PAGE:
Last year, they took the plunge and opened up their own practice, Finding Peace Counseling.

Everything has been going well so far, they report.

“So far, we’ve been able to pay our bills,” Woods Smith said. “We feel like with the clients that we have, we’re able to manage their treatment and help them.”

Both of them have really enjoyed replacing their more-than-an-hour commutes with short, five-minute drives to work.

“That’s definitely one of the positive things,” Woods Smith said.

She has three young children, so opening her own practice has been great in that it allows her to spend more time with them.

“I’m at home now, so if something is going on at school, I can actually do that,” she enthused. “(Operating a private practice) definitely helps with having children that are still young.”

Posey agrees. The flexibility of managing her own schedule has allowed her to spend more time with family as well. And she loves not working 14-hour days anymore.

“I thought I was going to die in that agency!” she exclaimed with a laugh. “Being on my own has been great.”

Good Businesses Can Succeed … Even in Recessions

While an economy in recession is causing some to tremble in their boots, a number of entrepreneurs, like the ones above, are forging ahead with their own plans, trusting that quality and reasonable prices will help them win market share.

Greg Lissor, who opened a cake baking company in Panama City in January, said he believes a company will succeed as long as it sells a good product and operates with integrity. 
Lissor’s business partner, Antonio Pasulo, owns a restaurant called the Pasta Grill, and also operates a bakery. The business that Lissor and Pasulo have started together, the House of Cakes, makes gourmet desserts and freezes them for shipment to restaurants around the Southeast. They’ve already landed contracts with Cisco and U.S. Food Service, which takes their products and transports them to the restaurants.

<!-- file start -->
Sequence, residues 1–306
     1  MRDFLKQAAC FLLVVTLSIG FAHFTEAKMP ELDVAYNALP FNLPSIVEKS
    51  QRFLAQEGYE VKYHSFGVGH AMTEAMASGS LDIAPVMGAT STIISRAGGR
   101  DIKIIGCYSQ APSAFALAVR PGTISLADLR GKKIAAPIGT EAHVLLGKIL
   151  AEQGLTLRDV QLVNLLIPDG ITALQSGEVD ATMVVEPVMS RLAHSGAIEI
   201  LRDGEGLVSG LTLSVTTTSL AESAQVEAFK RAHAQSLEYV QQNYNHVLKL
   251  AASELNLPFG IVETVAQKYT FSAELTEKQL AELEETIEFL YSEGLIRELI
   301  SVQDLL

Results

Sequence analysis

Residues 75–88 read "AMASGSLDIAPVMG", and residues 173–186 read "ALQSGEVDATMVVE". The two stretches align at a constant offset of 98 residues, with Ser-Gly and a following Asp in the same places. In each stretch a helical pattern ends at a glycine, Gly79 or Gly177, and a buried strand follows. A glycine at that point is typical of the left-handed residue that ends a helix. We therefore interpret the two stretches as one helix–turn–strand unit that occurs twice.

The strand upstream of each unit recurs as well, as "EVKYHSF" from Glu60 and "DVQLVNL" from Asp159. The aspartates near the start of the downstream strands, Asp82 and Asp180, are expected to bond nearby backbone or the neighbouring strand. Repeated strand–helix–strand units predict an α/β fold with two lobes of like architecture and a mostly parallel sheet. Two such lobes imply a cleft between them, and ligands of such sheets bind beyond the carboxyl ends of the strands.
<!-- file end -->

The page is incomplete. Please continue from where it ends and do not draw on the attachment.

They make all their products without preservatives, simply freezing them after they’re baked to preserve freshness. Their signature dessert is a hamburger cake, which is made out of chocolate and vanilla spongecake, frosting, and marzipan molded into the shape of buns and sprinkled with sesame seeds.

“The appeal to our products is the freshness and flavor,” Lissor said. And selling their goods for an affordable price has also helped, he added.

He and Pasulo took on some debt to open up their factory, but they did cut back on some of the start-up costs by putting up sheetrock and painting their facility themselves. They hope to be turning a profit by the end of the year.

Jim Dever, an associate professor of entrepreneurship at Florida State University, observed that on the whole, opening during a recession really can be helpful for businesses.

“The nice thing about it,” he said, “is that any companies that open right now, while they may not boom, they may be in a position to avoid some of those growing pains that in a real strong market they may have encountered.”